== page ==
“Sequencing and assembling a genome is basically science infrastructure – the equivalent of building roads and bridges – and once the infrastructure is in place, everyone can benefit,” Sater said. “This work is an enormous contribution to research now in progress throughout the world, and essentially every study that uses Xenopus as a research animal gets a big boost from this project.”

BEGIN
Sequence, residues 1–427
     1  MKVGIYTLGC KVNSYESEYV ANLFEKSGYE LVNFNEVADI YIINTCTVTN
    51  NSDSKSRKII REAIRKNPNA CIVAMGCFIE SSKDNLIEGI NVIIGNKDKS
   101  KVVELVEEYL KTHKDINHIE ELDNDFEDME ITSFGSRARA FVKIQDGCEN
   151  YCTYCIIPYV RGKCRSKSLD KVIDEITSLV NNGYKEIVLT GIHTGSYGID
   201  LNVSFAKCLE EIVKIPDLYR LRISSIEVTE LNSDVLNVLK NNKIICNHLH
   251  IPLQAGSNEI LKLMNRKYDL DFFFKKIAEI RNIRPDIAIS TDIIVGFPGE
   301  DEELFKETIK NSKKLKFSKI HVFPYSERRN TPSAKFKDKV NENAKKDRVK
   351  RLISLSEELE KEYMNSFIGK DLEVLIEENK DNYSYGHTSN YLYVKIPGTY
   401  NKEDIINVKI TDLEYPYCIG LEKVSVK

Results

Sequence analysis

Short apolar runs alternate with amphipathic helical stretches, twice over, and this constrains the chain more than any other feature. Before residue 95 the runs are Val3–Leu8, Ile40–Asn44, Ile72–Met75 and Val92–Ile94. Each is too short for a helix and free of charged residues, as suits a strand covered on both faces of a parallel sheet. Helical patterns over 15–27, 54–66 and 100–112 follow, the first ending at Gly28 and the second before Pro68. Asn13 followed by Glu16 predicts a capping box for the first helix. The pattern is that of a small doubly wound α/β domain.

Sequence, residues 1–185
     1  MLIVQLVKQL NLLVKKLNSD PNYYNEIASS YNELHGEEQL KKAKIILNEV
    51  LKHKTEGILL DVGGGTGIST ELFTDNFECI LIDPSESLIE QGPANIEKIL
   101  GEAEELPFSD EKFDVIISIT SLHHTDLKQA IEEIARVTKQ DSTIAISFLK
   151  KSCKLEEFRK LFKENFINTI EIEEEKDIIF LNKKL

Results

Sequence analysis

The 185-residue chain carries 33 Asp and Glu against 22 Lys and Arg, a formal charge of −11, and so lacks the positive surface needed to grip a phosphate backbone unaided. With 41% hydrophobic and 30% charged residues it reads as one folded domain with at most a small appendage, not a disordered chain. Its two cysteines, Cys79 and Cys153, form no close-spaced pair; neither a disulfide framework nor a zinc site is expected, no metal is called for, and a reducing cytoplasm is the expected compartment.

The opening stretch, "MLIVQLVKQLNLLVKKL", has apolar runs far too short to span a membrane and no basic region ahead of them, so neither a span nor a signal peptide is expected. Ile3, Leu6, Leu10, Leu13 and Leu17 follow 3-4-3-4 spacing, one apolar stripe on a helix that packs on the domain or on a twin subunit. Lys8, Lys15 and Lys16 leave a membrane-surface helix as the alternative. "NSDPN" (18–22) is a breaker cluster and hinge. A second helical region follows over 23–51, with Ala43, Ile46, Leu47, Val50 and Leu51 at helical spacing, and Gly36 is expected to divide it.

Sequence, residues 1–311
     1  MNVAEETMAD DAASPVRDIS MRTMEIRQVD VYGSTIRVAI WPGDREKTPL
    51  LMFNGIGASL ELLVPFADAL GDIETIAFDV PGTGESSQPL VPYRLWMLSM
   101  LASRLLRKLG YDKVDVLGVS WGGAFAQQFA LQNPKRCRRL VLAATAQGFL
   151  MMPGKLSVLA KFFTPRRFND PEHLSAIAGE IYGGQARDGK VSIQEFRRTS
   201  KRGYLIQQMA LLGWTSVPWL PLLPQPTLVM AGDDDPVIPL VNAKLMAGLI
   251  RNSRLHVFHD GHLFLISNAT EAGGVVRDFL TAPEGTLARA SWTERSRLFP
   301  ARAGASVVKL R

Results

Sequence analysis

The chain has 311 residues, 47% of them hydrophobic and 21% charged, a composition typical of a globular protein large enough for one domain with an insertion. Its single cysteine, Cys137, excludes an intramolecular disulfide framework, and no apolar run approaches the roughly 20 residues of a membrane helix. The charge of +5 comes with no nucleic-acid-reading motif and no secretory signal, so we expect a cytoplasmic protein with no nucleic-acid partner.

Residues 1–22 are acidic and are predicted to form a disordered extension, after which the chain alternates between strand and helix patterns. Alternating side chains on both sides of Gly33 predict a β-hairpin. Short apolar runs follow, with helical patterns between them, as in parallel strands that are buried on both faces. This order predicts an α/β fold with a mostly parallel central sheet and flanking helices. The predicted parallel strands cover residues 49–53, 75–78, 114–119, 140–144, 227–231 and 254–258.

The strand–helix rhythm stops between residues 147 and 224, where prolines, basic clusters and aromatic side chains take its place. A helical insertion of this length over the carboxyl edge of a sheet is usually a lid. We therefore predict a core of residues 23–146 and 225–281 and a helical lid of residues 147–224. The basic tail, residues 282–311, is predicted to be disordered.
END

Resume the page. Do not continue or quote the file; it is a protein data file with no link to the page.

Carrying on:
Big science like this, Sater said, has a lot of authors and provides fundamental, important information for all biologists in trying to understand how specific genes function. Important contributions also came from individuals at the Joint Genome Institute, Cambridge, University of California Irvine, Washington University School of Medicine, University of Virginia, the National Institutes of Health, the Université d’Evry in France, the National Institute for Medical Research in the United Kingdom and the Okinawa Institute for Science and Technology in Japan.
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